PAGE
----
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Day Ahead: Top 3 Things to Watch

Investing.com - Here’s a preview of the top 3 things that could rock markets tomorrow.

1. Intel Slumps, Starbucks Edges Higher

Chips giveth and chips taketh away.

The semiconductor stocks pushed an otherwise sluggish broader market into the green today with some large moves on stellar numbers.

But Intel's (NASDAQ:INTC) report after the bell today is likely to rain on that parade tomorrow.

Intel’s revenue and guidance came in below expectations, sending shares down 7% after hours.

Starbucks (NASDAQ:SBUX) could provide a little lift to the market at tomorrow’s open if it can hold onto its small postmarket gain of 1%.

Starbucks beat on the top and bottom lines for its latest quarter and also beat comparable sales estimates. But it lowered the top range of its full-year comparable sales guidance.

2. Colgate-Palmolive Weights In

As usual, Friday’s are slower for earnings, but consumer products giant Colgate-Palmolive (NYSE:CL) will report numbers.

On average, analysts expect that Colgate earned 73 cents per share in its most recent quarter on sales of about $3.8 billion.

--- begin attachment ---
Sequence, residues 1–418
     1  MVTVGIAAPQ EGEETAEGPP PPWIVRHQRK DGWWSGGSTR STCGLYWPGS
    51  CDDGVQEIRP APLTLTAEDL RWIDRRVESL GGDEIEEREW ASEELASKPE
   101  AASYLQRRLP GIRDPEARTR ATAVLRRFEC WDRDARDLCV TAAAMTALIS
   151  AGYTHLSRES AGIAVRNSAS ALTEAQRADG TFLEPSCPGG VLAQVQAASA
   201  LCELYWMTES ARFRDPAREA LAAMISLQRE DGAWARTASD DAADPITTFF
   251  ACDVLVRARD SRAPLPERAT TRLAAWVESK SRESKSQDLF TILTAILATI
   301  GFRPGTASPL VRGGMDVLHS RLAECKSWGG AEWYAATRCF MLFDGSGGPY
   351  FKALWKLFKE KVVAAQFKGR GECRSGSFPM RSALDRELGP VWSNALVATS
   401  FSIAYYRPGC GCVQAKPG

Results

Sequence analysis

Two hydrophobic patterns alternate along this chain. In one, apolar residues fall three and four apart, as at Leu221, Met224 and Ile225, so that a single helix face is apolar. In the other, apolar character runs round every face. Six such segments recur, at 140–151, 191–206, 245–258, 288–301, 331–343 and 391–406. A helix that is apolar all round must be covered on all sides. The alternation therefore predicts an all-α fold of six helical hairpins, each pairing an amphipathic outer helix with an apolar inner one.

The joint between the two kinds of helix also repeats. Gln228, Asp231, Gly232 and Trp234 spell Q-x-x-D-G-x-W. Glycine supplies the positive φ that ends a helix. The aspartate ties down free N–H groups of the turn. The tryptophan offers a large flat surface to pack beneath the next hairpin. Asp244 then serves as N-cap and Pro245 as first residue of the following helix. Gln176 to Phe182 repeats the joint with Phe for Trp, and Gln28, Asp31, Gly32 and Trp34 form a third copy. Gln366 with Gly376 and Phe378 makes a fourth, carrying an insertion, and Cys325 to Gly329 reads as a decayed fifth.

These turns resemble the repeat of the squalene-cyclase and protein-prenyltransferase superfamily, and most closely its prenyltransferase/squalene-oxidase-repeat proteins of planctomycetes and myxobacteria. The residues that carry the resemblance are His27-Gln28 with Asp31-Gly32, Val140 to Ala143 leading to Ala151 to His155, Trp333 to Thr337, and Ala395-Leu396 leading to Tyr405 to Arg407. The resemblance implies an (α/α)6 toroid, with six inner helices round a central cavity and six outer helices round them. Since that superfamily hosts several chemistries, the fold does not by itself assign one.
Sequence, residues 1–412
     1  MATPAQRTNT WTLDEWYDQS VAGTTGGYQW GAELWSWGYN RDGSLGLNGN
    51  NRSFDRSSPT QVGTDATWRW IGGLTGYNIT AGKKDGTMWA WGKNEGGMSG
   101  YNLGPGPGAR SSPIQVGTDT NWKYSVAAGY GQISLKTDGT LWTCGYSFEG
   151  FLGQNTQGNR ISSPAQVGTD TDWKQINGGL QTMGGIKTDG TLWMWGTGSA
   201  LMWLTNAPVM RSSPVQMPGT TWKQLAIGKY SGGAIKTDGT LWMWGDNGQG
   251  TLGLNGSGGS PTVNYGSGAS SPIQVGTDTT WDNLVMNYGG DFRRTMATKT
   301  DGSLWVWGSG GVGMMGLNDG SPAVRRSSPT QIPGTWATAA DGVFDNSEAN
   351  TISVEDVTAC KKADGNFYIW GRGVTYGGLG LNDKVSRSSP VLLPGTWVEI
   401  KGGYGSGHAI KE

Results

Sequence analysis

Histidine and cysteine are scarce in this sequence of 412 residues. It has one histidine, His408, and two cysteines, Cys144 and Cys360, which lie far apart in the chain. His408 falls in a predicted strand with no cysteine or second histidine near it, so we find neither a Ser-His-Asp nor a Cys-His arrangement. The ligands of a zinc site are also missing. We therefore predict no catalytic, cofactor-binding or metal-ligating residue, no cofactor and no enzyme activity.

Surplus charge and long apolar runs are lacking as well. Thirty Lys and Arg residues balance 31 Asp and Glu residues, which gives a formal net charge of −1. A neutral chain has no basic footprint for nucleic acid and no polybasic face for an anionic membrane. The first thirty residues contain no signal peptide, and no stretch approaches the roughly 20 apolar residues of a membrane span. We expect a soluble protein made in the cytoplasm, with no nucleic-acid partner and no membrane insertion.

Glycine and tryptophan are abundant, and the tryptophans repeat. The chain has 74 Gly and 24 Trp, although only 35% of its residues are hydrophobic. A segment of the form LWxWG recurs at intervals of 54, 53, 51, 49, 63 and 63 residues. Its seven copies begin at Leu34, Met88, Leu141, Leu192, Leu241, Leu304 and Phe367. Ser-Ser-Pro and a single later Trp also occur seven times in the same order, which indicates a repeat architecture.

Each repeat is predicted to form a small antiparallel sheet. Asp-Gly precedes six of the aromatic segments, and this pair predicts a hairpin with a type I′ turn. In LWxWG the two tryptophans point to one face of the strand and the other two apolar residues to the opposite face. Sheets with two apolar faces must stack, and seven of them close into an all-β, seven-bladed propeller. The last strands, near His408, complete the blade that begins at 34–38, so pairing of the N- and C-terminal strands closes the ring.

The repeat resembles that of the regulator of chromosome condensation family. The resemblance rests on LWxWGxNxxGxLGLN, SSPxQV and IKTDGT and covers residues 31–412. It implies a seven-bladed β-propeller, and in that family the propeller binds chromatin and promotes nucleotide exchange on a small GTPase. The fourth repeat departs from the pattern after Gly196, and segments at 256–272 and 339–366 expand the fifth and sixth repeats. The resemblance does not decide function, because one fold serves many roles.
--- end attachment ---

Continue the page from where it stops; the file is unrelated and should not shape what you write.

Colgate stock has been volatile and is down over the last three months.

Shares took a tumble with the rest of the market in December, but have risen in 2019, helped by an upgrade earlier this month by Goldman Sachs (NYSE:GS) to buy from neutral the expressed optimism on the company’s organic sales.

3. Oil Ignoring the Numbers?

Looking at the data, oil prices should’ve ended lower today. But geopolitics overshadowed a huge and unexpected rise in U.S. oil inventories and a sharp build in gasoline stockpiles.

So, while tomorrow brings the weekly Baker Hughes rig count, traders may be more interested in the comments from world leaders about Venezuela.

The U.S. has drafted a slate of potential restrictions on Venezuelan crude exports, but hasn’t decided whether to deploy them, Bloomberg reported, citing people familiar with the matter. It added that the crisis in Caracas could expedite OPEC’s goals of balancing the supply-demand in oil and boosting crude prices or risk market havoc.

The U.S. has called for a meeting at the UN Security Council on Saturday to discuss the crisis in that country.

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